The role of earthworms in soil carbon dynamics is a recent avenue of research which is less studied in India. Three plots of 1 m3 size were laid in Jeevaka live laboratory (JLL)- a biodiversity rich area within the University campus. A control plot (CP) of same dimension was maintained outside JLL. Out of three plots within JLL, one was operated with native earthworm Perionyx ceylanensisMichaelson (100 numbers), water and cattle dung as feed (Jeevaka test plot- JT) and fenced with nylon mesh. Remaining two plots were operated as controls within JLL (JC1 and JC2). JC1 (Jeevaka control 1) was provided with cattle dung and water, while JC2 and CP (outside JLL) were operated without any supplements. Throughout the experiment native earthworm species have maintained their dominancy in all plots except CP where no earthworms were observed. At the end of a year-long study, JC1 with maximum diversity of earthworms showed better soil organic carbon (SOC) and particulate organic carbon (POC)-which is relatively a stable form of SOC. Overall findings indicate better the diversity of earthworms better is the carbon storage in the soil.
Earthworms are known for their ecosystem services. Their role in mitigating the global climate change through the soil carbon storage and stabilization is a recent area of research being focused globally1. Literature on soil carbon clearly point out the potential of earthworms in influencing carbon and nitrogen dynamics with implications of long-term sustainability and greenhouse gas mitigation in agricultural systems2,3. Earthworms are more beneficial to organic farming, where large quantities of carbon based amendments are being used while conventional agriculture relies heavily on mineral fertilizers.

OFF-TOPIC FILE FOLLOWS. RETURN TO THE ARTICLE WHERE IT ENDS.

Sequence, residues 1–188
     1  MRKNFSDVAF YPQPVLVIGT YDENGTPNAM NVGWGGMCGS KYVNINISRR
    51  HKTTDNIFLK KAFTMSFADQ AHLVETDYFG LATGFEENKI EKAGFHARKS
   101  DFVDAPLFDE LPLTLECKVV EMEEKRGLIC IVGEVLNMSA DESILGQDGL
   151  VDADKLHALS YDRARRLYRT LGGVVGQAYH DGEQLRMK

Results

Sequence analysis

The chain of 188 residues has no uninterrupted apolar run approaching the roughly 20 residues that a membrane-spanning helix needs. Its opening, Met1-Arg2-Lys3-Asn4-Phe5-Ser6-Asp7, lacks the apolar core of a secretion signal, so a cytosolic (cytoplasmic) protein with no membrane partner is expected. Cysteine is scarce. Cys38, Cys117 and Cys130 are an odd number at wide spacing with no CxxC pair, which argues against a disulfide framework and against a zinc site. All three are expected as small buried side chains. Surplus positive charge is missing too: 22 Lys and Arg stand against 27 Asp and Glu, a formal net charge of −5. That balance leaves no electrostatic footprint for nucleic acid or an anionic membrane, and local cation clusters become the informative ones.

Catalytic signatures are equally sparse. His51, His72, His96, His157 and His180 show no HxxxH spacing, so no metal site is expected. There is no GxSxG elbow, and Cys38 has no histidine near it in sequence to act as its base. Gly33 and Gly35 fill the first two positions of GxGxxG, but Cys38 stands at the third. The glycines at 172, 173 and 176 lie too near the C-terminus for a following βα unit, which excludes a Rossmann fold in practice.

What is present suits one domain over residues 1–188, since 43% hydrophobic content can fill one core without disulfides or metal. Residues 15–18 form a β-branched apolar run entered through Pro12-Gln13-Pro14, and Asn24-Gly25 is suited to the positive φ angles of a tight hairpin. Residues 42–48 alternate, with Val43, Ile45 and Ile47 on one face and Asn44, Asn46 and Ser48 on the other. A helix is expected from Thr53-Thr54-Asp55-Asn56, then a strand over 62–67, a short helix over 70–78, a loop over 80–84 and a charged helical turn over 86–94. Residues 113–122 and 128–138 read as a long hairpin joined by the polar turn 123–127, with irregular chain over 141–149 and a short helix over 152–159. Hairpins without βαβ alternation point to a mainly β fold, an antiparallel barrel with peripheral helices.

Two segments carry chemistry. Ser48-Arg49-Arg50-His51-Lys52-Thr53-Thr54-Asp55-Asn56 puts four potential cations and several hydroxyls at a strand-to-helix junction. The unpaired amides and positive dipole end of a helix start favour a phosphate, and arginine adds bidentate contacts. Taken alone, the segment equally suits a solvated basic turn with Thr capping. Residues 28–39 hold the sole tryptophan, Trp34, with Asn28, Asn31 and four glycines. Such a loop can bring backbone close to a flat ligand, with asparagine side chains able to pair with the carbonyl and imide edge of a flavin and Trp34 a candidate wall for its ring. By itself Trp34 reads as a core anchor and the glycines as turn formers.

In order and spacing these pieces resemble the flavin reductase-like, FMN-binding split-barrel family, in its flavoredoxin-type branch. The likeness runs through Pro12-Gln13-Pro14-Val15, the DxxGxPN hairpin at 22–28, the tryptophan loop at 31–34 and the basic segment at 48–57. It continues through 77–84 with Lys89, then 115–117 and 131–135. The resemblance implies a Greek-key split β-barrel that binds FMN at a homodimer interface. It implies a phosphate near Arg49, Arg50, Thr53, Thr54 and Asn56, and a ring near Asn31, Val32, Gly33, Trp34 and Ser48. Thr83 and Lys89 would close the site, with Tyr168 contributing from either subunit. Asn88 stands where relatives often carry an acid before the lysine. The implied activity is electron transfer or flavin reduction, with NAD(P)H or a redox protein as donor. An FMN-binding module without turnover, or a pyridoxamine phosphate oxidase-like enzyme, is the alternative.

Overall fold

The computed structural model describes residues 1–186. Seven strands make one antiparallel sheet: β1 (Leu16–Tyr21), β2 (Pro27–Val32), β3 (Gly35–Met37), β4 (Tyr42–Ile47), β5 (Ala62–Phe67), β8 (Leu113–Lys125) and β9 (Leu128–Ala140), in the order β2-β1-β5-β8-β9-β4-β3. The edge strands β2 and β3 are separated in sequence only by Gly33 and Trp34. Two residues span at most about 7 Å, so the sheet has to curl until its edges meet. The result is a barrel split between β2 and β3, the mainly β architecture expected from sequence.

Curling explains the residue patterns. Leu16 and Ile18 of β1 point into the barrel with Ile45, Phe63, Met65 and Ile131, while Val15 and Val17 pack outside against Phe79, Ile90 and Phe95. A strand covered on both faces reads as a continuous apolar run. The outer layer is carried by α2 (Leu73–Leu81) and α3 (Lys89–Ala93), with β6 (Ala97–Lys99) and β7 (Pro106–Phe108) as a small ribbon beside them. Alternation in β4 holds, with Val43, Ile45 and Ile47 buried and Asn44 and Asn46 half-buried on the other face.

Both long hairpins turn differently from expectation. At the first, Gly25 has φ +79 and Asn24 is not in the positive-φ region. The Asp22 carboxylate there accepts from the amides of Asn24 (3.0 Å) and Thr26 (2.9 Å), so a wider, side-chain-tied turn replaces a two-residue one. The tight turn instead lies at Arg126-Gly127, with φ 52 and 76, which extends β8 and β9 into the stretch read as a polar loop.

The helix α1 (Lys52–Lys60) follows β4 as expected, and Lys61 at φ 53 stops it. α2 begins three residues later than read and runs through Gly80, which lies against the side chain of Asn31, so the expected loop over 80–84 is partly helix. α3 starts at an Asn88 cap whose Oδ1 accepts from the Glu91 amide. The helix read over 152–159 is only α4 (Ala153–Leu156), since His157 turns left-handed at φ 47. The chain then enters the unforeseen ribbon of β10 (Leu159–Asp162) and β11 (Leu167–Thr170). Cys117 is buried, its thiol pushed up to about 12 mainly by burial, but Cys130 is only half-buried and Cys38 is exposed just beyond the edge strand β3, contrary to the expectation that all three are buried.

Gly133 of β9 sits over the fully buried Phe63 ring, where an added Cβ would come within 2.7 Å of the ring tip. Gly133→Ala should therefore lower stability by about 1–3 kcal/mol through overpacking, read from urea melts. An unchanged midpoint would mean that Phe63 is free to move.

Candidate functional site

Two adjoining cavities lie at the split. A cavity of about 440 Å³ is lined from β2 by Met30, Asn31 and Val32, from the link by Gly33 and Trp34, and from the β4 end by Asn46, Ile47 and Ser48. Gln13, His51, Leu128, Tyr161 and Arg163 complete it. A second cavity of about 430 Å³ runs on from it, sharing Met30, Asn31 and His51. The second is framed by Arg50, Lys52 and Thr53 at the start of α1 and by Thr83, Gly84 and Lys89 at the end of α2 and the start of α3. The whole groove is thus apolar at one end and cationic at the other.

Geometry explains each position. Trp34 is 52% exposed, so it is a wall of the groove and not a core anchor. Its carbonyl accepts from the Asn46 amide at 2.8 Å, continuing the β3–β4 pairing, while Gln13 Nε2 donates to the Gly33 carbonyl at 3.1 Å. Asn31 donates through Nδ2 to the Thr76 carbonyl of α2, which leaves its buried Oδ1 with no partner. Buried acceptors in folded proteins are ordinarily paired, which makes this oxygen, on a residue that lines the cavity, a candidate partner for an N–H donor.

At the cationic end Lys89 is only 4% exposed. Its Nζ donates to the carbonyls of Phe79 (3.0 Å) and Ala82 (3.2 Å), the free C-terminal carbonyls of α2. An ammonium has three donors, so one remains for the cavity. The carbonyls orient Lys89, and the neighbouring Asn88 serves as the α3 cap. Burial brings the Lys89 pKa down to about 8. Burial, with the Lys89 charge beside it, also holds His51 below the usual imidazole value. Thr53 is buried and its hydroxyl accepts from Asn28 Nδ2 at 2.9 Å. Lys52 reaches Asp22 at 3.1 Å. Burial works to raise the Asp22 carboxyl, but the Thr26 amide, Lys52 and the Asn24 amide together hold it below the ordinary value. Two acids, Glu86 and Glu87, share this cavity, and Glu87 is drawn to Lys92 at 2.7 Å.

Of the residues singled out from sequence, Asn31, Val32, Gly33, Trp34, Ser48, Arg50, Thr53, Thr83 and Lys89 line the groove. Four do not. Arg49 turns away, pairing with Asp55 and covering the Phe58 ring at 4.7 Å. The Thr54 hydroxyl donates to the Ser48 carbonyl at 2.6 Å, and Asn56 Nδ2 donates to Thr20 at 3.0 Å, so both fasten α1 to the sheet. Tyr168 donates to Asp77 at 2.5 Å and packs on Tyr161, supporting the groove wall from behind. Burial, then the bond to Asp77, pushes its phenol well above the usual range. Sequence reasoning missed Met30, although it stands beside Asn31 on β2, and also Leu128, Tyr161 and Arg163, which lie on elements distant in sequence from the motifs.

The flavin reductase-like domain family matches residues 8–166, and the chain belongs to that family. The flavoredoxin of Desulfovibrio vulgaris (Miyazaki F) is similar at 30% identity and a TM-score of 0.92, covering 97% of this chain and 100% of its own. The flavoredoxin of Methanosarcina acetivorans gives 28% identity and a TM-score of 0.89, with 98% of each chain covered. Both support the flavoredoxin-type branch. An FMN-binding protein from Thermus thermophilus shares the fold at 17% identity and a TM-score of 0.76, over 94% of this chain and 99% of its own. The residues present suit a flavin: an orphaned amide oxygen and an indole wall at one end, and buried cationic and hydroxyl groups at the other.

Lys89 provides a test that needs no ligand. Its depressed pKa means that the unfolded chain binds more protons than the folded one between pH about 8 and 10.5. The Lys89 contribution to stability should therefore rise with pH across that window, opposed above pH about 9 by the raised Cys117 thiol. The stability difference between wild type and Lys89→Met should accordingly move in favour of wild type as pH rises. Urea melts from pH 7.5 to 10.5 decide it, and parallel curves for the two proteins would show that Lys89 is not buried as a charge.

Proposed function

Literature abounds with reports on soil enrichment with organic carbon and nutrients through the interaction of microbes and earthworms4. Besides earthworms, termites and other macro fauna do have an inevitable role on soil carbon dynamics through their interaction with microbes. Such interactions are the key factors influencing soil organic carbon (SOC) and help in the dynamics of different fractions of carbon in the soil5. Among these fractions, recalcitrant organic carbon (ROC) and particulate organic carbon (POC) are the most stable forms remain in the soil for a decade to century6.
In the context of global climate change, soil carbon dynamics becomes an important area of research. Studies on the role of earthworms in soil carbon have been widely reported from many parts of the world2,7,8. To date, no study on the role of earthworms in soil carbon dynamics has been reported in India. Hence, the present study was conducted for 12 months in four plots with and without the supplementation of earthworms, feed and water. The focus of this study was to assess how the presence and absence of earthworms in soil affects the carbon dynamics. This study also aims to find out whether supplementation of the experimental plot with a native earthworm species Perionyx ceylanensis has any impact on the soil carbon dynamics.
Materials and Methods